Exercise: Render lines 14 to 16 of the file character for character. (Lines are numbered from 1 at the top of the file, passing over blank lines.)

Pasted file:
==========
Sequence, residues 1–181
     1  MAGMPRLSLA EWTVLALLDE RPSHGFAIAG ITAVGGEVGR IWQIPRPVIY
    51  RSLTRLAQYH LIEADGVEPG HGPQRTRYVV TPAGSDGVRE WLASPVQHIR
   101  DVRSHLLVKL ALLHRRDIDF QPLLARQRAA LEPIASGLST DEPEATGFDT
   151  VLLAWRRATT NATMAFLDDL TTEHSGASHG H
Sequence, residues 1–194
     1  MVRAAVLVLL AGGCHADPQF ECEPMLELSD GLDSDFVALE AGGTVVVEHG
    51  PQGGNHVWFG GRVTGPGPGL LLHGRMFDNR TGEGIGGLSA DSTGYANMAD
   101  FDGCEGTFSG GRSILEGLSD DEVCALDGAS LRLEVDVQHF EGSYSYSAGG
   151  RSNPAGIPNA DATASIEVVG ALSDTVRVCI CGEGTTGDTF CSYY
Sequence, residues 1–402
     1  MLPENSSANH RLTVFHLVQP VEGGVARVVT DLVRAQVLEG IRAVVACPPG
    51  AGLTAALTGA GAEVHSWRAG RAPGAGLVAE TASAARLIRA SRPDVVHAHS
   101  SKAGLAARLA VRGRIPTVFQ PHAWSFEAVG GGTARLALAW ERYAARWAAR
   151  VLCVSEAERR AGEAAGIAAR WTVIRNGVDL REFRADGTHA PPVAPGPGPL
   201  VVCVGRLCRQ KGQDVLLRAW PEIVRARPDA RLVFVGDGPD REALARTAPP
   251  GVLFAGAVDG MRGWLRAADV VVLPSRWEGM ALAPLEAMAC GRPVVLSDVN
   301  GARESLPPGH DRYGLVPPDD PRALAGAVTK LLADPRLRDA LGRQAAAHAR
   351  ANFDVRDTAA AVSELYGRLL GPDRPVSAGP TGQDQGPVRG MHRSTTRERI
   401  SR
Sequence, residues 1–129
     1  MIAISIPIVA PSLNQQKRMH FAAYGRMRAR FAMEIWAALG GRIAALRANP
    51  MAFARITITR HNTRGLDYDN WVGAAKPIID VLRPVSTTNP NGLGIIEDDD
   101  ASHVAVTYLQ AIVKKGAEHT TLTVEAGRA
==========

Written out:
   101  SKAGLAARLA VRGRIPTVFQ PHAWSFEAVG GGTARLALAW ERYAARWAAR
   151  VLCVSEAERR AGEAAGIAAR WTVIRNGVDL REFRADGTHA PPVAPGPGPL
   201  VVCVGRLCRQ KGQDVLLRAW PEIVRARPDA RLVFVGDGPD REALARTAPP